If you watched last week’s powerful episodes of The Young and the Restless, you witnessed once again why Jess Walton (Jill) is one of the all time MVP’s of the genre. In a heart-wrenching and nuanced performance, Walton was given material that she could seek her teeth into as Jill faced the most horrible situation a mother could ever imagine … having to say goodbye to her son who is being taken off life support. But before it even got to that point, Jill was fighting with the Abbott clan, lashing out at those around her who were grieving too, and ultimately attempting to come to terms with her son Billy’s (Jason Thompson) fate. But in true soap opera fashion, just when it looked like Billy’s days were behind him, he came back to the land of the living.
For Walton, she now has a new on-screen son played by five-time Daytime Emmy nominee, Jason Thompson, who replaces Burgess Jenkins in the key role of Billy. Meanwhile, Jess continues to play Jill’s love story with Colin played by another fan favorite, Tristan Rogers. If there is an Emmy God in 2017, Walton’s performance during Billy hovering between life and death, while illustrating how a family comes together and is torn apart during their time of need, should garner a much-deserved nomination. She already is two-time winner.
On-Air On-Soaps talked to the sublime Jess Walton to get her thoughts on: playing those emotional draining scenes, her first (sort of) scenes with Jason Thompson, and if she misses the Katherine/Jill dynamic now that it has been over two and a half years since the passing of her beloved friend and scene partner, Jeanne Cooper (Katherine). Jess also weighs-in on where Tristan Rogers rates on her all time leading men list, and what it has been like for nearly three decades to work with such a stellar bunch of actors who comprise the core Abbott family. One thing is certain: when the character of Jill is given screen time, it always leaves the audience wanting more, and that is due to Walton’s commitment and expertise at playing such a multi-faceted woman. Here’s what she had to share about her recent scenes, the changing faces of Billy Abbott, and more!
Those heavy emotional group scenes where Jill and Jack (Peter Bergman) and the Abbott family were grappling with whether to take Billy off of life-support were gut-wrenching. Jill was in so much emotional pain. How did you get through that scene?
JESS: I am glad you liked it. It was really amazing shooting that scene with everybody involved, because we have so much history. I tell this story that I went around the room and we rehearsed it a couple of times. It was really becoming good, and they yelled, “Lunch!” Everybody went, “No!” However, we had to do it. We had to take a lunch break. So I said to myself, which I have learned to do over the years, “Don’t you get upset. When we come back it will be even better.” Your mind first goes to a place of, “Oh, my God. I was ready to go.” I have learned to tell myself, “Don’t be negative … it will be even better.” In fact, it felt even better after we returned from lunch. The interesting thing was when I went around to everybody and did my lines with them, I felt quite Jill-ish. But the minute I stood there, and Gina Tognoni (Phyllis) came over to me, I went, “She’s so good … and look how beautiful she looks with those green eyes swimming with tears.” It just took me out of Jill for that split second, because I had never had a scene with Gina before. She was magnificent. That’s happened to me occasionally before in previous years. If an actor in a scene with me is doing a really wonderful job, I will go, “Oh, my God … aren’t they wonderful!” I will come right out of the scene as Jess and not as Jill. It’s always a danger. Luckily for these scenes, it was kind of a natural break in Jill’s trajectory. I could get right back into it. It was interesting to me that I built up 30 years worth of relationships with Peter Bergman, Eileen Davidson (Ashley), and Beth Maitland (Traci) so the scenes kind of went smoothly, and I was able to stay in it.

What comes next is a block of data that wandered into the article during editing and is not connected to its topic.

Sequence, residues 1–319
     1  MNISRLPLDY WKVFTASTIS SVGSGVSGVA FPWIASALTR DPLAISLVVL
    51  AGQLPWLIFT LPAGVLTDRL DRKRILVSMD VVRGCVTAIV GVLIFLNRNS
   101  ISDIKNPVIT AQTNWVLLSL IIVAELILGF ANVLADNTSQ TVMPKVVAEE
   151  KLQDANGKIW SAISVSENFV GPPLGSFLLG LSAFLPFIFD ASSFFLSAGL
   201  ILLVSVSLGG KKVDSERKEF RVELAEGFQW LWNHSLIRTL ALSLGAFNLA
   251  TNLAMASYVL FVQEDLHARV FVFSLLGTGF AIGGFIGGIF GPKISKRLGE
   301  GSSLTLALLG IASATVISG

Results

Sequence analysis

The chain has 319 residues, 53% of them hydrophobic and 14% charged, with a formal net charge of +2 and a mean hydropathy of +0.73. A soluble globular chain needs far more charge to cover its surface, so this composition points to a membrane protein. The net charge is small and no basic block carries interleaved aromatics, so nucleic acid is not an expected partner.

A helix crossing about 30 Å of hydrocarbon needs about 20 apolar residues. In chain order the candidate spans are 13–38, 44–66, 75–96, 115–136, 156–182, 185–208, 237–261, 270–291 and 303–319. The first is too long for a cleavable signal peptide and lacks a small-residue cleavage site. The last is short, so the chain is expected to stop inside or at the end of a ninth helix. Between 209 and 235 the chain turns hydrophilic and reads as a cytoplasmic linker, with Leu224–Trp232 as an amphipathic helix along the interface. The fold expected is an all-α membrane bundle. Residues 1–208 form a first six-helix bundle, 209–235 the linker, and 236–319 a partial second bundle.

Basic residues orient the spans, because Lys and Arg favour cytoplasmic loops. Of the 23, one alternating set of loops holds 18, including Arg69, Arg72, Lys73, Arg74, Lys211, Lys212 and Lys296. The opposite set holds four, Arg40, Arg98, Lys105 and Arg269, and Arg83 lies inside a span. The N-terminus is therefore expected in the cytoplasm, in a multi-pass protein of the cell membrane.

There were those moments between Jack and Jill, where he is going to honor Billy’s wishes to not keep him alive, and she is not having it. It was so sad.
JESS: They were so sad. I think it’s every mother’s pain. They can relate to that and the horror of the situation. We were all crying for days. I thought this is all very maudlin for the audience with this unrelenting grief. But, what are you supposed to do? Pull back when you son, or brother is dying? You just have to go for it.
As viewers watched those scenes play out, you couldn’t help but take a moment and say, “Wow, these people are acting up a storm. What an incredible A-list cast!”
JESS: I often look around me at these magnificent actors who do these things in maybe one take. It is such a skill. I think a lot of times soap opera actors are not respected and they are looked upon as “B-actors”, but we know what we are doing. As a whole, the soap actors are pretty amazing.
The moment that touched me was when Jill sat by Billy’s bedside and was saying her goodbyes to her son. She mentions Katherine (Jeanne Cooper) and that he will be seeing her soon in heaven. What was that like saying those words? It also makes the audience think of Jeanne.
JESS: It felt amazing doing that line and bringing Katherine (Jeanne Cooper) into the story. That’s the thing about grief and death that those left behind believe that when their loved one passes they will be greeted by someone that they know and love. So, I think Jill was trying to comfort her son in that way. It was really hard, because Jill would have fought till the bitter end to keep her son alive, but she had to acquiesce, I guess.
Jason Thompson debuted as the new Billy. In virtually his first episode, he had to portray an out-of-body experience relating to his new castmates. What did you think of Jason’s performance, and your new on-screen son?
JESS: He was really, really amazing. Jason had to come in and have such heavy stuff with all of his new cast mates. And for those hospital scenes, the very first scenes it was still with Burgess Jenkins, then it was a body double for a couple of days, and then it was Jason. Actually, Jason and his wife are expecting a baby in real life. So he is very conscious of that child/parent bond. After we had that bedside time together, where I would be touching him and rubbing his arm, it almost built a bond between us much quicker than it would have under normal circumstances. He could feel that love, and as two human beings I was pretty naked emotionally there. Jason was very, very kind to me and soft with me. I haven’t had a scene with him yet, where he wasn’t unconscious (laughs), but I’m looking forward to it! He is such a fabulous actor, and I hear he has done just amazing work over at General Hospital.
What was performing in that scene like for you, during Billy’s out-of-body experience? The rest of the cast was acting with each other, but not with him.
JESS: Driving home after a long scene like that, you couldn’t do the words if they had a gun to your heard. I think soap opera actors develop a certain part of their brain that holds things in for like six hours, maybe. The minute the scene is over, you have to drop it, because otherwise it’s just too much information, (laughs) to have to retain in your head all of the time.